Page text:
Agents' advice on NBA-China spat: 'No upside to speaking out'

Agents' advice on NBA-China spat: 'No upside to speaking out'

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Agents' advice on NBA-China spat: 'No upside to speaking out'

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The NBA’s showdown with China continues to dominate headlines and it remains to be seen whether this will be resolved anytime soon.

This situation, which started when Houston Rockets GM Daryl Morey tweeted his support for the protests in Hong Kong, is still in flux and there’s been talk of potential salary-cap ramifications if it isn’t resolved. 

HoopsHype asked seven NBA agents how they’re advising their clients to answer questions about this topic and whether they believe this controversy will affect the salary cap. The agents spoke on the condition of anonymity. Several other agents refused to comment – even off the record – because this is such a sensitive topic.

Since this is such a touchy situation, some agents have advised their players to avoid talking about it altogether.

“We proactively addressed our clients and told them not to discuss this and just let the NBA handle it at this point,” one agent said. “There’s really no upside to speaking out about this if you’re a player, so we advised them that it’s best to stay out of it and let Adam Silver and the league handle this.”

“None of my guys have asked me about addressing the situation,” another agent added. “At this point, I think it’s like a hot iron and no players want to touch it. No one wants to give their opinion on it. [I believe players] shouldn’t talk about politics or religion.”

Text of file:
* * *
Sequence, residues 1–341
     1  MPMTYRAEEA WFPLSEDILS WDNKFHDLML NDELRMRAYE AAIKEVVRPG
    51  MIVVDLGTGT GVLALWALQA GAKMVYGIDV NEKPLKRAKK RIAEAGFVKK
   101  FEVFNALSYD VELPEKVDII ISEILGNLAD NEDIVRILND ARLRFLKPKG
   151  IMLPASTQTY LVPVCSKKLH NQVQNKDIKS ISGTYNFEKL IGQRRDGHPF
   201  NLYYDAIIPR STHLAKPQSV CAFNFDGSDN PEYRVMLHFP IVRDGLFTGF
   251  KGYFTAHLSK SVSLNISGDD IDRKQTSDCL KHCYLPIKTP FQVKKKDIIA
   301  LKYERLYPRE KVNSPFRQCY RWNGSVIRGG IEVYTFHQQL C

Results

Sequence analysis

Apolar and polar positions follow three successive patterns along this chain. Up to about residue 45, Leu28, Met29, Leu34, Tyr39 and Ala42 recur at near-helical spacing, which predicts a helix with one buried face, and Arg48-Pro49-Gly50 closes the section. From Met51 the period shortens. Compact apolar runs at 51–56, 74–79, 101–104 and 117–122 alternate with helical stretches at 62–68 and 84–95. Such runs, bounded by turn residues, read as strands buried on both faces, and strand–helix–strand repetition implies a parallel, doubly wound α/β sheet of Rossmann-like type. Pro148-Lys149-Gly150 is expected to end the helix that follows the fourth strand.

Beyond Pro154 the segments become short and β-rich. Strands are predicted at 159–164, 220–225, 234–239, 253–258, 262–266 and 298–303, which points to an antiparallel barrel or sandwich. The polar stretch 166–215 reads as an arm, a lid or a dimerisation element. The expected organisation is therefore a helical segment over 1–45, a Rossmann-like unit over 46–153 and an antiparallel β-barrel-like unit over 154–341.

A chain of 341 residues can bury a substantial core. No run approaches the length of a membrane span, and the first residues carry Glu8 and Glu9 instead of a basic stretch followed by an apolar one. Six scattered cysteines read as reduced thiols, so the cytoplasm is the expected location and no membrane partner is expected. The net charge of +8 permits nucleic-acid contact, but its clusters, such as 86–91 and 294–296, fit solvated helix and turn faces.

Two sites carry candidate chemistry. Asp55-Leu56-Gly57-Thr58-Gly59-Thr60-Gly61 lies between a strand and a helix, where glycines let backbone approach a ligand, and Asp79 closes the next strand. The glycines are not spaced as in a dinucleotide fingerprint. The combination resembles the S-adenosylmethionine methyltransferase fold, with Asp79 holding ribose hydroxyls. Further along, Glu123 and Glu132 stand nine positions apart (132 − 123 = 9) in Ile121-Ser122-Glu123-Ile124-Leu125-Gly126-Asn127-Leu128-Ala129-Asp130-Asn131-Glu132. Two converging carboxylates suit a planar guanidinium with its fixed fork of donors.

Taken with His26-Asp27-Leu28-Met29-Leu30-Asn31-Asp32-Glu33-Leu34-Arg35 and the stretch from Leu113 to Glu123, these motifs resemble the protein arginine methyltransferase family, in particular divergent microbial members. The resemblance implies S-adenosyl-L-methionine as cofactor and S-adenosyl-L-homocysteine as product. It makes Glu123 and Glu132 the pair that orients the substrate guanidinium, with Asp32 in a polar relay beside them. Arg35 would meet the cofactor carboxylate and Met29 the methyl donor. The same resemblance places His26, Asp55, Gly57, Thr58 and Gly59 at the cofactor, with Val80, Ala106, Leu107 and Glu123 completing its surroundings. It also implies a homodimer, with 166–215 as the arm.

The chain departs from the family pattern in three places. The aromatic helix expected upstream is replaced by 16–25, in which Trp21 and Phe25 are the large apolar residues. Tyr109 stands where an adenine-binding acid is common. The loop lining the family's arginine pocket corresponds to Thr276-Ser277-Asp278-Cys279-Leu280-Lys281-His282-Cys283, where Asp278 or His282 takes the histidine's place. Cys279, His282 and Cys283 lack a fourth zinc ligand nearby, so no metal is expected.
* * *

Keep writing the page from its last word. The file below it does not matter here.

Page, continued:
Other agents have warned their players that they should only speak out about this topic if they are well-informed.

“I tell my guys that they should read up on the issue and that they should understand some of the issues involving human rights,” one agent said. “It’s a delicate balance of trying to do business in China and understanding that you have to sacrifice certain freedoms that many people take for granted here – unfortunately.”

“My players haven’t asked me what they should say to the media, but I sent a note to all of them about this,” another agent added. “I basically said that this is a super sensitive subject and it’s best to be very careful with anything related to it.”

Players and coaches who consistently speak out about social issues have received some criticism for staying silent (so far) when it comes to this topic. Multiple agents defended these players.

“I think it’s absolutely unfair,” one agent said. “Players typically want to speak out against social injustices, but because this isn’t happening here in the U.S., the players don’t necessarily know what is going on in China or in Hong Kong and they don’t understand the human-rights violations involved. And if these players aren’t knowledgeable on this subject, they shouldn’t speak out.”

“After Klay Thompson rolls out of bed and fixes a 300-year debate in China via Twitter, should he then move on to fixing Palestine?” another agent wondered. “[Brooklyn Nets owner] Joe Tsai said it perfectly: It’s just one of those things that exist that is beyond comprehension and debate; it’s a third rail.”